by Carrie Bornstein, Acting Executive Director
With nightfall coming so early during the winter, Shabbat lunch with friends often turns into a lazy post-meal afternoon of exhausted parents sitting around enjoying each other’s company, while their animated young children turn the host’s place upside-down. Hypothetically speaking, of course.
On one such recent occasion, the next thing we knew, Shabbat was over. Somewhere between my daughter’s moderately valiant attempt to return play food to its rightful location and search for her little brother’s mis-matched socks, Jamie (my husband) returned with our car, via the ride across town he’d scored from our gracious host.
I changed the last diaper of the day, (finally) found said socks, and we piled the family back into our car to return home.
Minutes later, a puzzled Eliana yelled out, “But Ema! [the only name I can reasonably justify being called by my kids – I couldn’t possibly be a mom, could I?] Why are we driving in the car? It’s Shabbat!”
“No, Ellie,” I replied. “Shabbat is over – you see how it’s dark outside?”
“But we didn’t make havdallah!” (the brief ceremony that, in our house, transitions us from the holy day of Shabbat to making a beeline for watching Curious George on the computer.)
In that moment, I realized the impact of ritual for my four-year old daughter. Her cognitive dissonance spoke volumes.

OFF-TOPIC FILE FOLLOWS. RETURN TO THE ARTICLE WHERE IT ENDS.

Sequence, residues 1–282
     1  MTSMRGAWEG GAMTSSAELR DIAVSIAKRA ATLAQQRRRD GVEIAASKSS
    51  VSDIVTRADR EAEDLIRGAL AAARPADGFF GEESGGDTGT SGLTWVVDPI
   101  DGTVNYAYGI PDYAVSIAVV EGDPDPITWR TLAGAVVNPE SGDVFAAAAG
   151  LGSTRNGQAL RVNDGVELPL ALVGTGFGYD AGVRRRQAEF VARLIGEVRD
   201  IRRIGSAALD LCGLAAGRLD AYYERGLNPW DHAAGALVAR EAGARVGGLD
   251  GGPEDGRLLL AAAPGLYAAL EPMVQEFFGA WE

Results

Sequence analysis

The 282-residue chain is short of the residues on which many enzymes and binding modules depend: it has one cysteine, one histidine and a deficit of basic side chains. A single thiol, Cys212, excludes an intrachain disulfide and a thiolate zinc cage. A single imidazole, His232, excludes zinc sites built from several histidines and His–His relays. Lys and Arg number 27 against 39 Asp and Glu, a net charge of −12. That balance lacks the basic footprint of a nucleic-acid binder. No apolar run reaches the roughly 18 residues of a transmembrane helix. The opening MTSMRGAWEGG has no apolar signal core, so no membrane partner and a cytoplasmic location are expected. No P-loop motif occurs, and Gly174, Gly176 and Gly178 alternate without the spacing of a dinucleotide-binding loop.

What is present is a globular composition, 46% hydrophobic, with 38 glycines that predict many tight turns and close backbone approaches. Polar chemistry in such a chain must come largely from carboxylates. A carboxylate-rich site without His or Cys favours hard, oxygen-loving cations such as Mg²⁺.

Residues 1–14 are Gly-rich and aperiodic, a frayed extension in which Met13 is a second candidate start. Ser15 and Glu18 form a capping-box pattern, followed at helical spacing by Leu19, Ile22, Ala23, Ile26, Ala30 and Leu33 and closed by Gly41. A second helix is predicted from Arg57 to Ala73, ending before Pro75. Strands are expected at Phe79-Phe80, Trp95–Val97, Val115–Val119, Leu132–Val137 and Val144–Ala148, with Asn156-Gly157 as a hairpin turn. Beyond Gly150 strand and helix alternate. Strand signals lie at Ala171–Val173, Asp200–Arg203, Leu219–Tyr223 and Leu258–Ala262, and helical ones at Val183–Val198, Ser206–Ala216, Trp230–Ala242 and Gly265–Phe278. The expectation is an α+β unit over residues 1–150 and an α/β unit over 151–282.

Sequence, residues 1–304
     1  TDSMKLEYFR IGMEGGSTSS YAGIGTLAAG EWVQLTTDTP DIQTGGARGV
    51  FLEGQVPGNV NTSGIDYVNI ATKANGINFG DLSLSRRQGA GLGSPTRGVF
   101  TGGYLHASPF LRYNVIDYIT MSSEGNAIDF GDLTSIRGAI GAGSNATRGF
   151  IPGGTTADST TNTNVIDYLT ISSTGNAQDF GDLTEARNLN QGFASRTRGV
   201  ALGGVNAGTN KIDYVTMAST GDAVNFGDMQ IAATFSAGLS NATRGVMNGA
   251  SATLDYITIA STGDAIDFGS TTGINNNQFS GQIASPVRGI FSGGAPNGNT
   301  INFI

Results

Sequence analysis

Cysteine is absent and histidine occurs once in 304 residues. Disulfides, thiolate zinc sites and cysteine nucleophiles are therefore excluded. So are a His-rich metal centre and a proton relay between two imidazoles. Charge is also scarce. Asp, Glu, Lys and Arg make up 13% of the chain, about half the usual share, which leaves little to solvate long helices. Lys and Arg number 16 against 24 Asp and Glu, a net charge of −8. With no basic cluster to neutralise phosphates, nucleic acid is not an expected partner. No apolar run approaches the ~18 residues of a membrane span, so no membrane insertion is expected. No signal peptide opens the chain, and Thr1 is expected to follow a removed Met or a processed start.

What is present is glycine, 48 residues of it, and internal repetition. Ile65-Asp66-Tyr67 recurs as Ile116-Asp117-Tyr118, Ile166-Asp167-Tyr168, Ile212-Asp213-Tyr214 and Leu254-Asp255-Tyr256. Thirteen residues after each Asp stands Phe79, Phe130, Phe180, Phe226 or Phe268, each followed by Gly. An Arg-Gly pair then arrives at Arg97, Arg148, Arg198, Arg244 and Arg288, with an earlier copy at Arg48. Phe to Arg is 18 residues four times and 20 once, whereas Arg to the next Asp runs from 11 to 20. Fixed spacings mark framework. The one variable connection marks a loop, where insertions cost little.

After our subsequent conversation about how we’d do that when we got home, and that havdallah doesn’t cause Shabbat to end, but rather, marks the transition point between Shabbat and the rest of the week, my mind kept going.
Isn’t this just like mikveh? When a person chooses to immerse prior to Shabbat, at the end of cancer treatment, before their wedding, upon healing from a miscarriage… their immersion does not cause anything to happen. It does not bring on Shabbat, cause remission, enact marriage, or make the hurt go away. The water, after all, is not magic.
It can, however, mark a turning point for something that’s already happening. When I went to the mikveh before my wedding, I unexpectedly felt the enormity of what was about to happen in my life, and suddenly, I was ready. I’ve seen this sort of thing happen hundreds of times (1,400, roughly) each year at Mayyim Hayyim. People who say things like, “Now I have the strength to move on after my mourning,” or “I finally feel ready to become a mother.”
There are, of course, some immersions that truly do cause a change. Immersing for conversion, for example, actually makes a person Jewish. Immersing for niddah permits two partners to be in physical contact with one another again. I’m still working on how all this fits into the analogy. (If you have any thoughts – I’d love to hear them in the comments below.)
In any event, to bring in some wisdom from Rabbi Ferris Bueller, life does move pretty fast. Whether it’s mikveh, havdallah, or anything else that causes us to stop and look around once in a while, these rituals give us the power to not miss even a single moment.